As our Ugandan counterparts and friends like to say when they haven't heard from us in awhile.
The plan was to have a feast on Easter with this lovely bird. As luck would have it for the bird, we ate lunch at Matt’s counterpart’s home with his family and had more than enough to fill us for the day. So the new plan was to have some yummy hot wings, something we haven’t had while being here. Well as luck would have it again for the bird, while Ashley was at a week-long training, Matt grew fond of the creature.
Then this happened.
And this was built today...
And since Matt’s supervisor decided to keep his rooster for a little while longer, most likely because of Matt’s idea to start a poultry farm…we are hoping for some chicks soon.
So what else has been going on?
The week after Easter Ashley participated in a youth technical training part of an initiative of Peace Corps Uganda to encourage youth and adult partnerships. In a country where more than half the population is considered a youth, it’s a pretty good concept. Anyways, this training took place in Mbarra, if you look at a map Kibaale to Mbarra looks really close, maybe 5.5 to 6 hours (Google Maps estimates around that long). Ha! This is Uganda, there is no such thing as getting somewhere that fast. Ashley was expected to be there by 1pm for registration and orientation activities….key word “expected”.
Travel: The trip started with a 4:30 am pick-up from the only taxi that heads out towards the capital you can actually count on. By 4:45 the 2 youth that attended as part of Ashley’s team had been picked up from their homes and by 5 am we were on the road. 6:55 am arrived to the tarmac road and waited 1 ½ hours in the rain for connecting transport and stood up on bus for 20 minutes until seats were available. 11:30 am arrived in Fort Portal, met up with others traveling and got lunch. By 12:30ish we were waiting for our transport and headed back on the road again, got to see a elephant, some monkeys and buffalo while driving thru Queen Elizabeth National Park ,which the kids enjoyed a lot and arrived in Mbarra around 5:30 pm. The expected 1pm arrival time…not possible.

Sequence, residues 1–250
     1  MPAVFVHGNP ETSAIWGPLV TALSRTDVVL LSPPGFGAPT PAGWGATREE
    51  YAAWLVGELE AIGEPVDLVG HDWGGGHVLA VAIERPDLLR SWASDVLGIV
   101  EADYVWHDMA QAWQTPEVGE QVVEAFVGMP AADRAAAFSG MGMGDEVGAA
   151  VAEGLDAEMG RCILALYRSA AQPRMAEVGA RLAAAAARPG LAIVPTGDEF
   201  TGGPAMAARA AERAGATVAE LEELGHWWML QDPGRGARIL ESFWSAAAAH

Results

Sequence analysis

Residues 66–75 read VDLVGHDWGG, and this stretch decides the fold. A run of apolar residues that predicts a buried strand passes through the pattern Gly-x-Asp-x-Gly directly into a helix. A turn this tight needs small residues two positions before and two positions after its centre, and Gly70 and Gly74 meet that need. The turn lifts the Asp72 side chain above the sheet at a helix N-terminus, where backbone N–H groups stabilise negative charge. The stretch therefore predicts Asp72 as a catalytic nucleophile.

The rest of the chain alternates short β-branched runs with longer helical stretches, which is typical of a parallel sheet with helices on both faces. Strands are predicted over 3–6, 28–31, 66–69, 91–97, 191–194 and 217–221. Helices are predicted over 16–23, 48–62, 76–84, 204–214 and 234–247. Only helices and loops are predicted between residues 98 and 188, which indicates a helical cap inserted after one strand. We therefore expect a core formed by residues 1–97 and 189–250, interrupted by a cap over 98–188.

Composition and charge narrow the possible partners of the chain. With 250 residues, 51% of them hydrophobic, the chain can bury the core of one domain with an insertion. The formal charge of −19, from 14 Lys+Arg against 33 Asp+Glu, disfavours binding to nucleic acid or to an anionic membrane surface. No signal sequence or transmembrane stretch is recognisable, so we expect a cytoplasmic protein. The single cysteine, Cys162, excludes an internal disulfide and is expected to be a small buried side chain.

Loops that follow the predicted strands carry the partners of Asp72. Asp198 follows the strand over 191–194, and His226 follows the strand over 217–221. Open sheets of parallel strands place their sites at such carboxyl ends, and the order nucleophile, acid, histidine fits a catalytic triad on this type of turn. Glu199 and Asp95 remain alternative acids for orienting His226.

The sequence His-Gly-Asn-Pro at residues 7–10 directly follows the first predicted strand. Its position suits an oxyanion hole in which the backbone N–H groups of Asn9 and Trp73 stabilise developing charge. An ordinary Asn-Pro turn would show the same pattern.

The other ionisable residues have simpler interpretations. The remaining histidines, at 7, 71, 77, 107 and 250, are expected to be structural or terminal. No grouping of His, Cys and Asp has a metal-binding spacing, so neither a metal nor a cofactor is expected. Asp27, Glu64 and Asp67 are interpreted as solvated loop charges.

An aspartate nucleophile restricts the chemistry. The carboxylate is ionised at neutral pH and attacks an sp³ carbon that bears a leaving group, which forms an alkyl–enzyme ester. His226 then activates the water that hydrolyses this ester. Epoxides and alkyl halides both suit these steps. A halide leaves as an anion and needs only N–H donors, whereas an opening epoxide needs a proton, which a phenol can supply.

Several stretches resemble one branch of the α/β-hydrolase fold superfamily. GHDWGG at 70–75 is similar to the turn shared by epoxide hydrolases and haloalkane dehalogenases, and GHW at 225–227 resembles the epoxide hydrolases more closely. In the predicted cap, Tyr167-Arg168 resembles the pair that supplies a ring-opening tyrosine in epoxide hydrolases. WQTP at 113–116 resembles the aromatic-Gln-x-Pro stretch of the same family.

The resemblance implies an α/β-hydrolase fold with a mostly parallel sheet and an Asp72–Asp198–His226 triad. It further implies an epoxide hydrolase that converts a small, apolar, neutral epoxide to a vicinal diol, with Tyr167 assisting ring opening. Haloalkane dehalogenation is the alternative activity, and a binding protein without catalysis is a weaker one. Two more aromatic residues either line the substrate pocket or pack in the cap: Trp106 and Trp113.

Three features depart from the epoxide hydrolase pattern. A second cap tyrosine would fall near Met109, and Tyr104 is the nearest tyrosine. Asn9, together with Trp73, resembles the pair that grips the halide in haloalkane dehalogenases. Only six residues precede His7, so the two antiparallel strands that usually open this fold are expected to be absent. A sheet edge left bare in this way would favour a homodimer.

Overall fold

The highlight of the trip was hearing the excitement in the kids’ voices as they pointed out the Rwenzori mountains, large tea plantations, lakes and the Kazinga Channel, all things they have learned about in school and from books but never seen in real life.
It’s amazing to think of something like seeing a mountain or large body of water being a highlight of a trip until you stop to think, most of the kids we were travelling with had never left their village and if they had the furthest away had only been about a hour away to a nearby “large” town.
We have also been helping to Stomp Out Malaria! in Uganda. During the month of April the focus is on creating more awareness about Malaria, which is the #1 killer of young children in Uganda. We have been doing a lot of projects towards this goal including setting up bed nets at the health center, teaching how to repair bed nets, discussing malaria prevention to HIV patients, teaching the health education students while playing some fun Malaria themed games, going out into the community to discuss prevention and treatment and Matt even had a spot on a radio show to discuss the facts and myths about malaria and the importance of preventative measures and treatment.
Some Malaria Activity Pictures
|Matt Teaching Malaria Prevention and How to Repair Bed Bets to Health Ed Students|
|Ashley playing Malaria Themed Freeze-Tag with Students. The thing taped on the shirt is a mosquito and there is doctor somewhere who un-freezes (treats) people who have been "stung" and now have malaria.|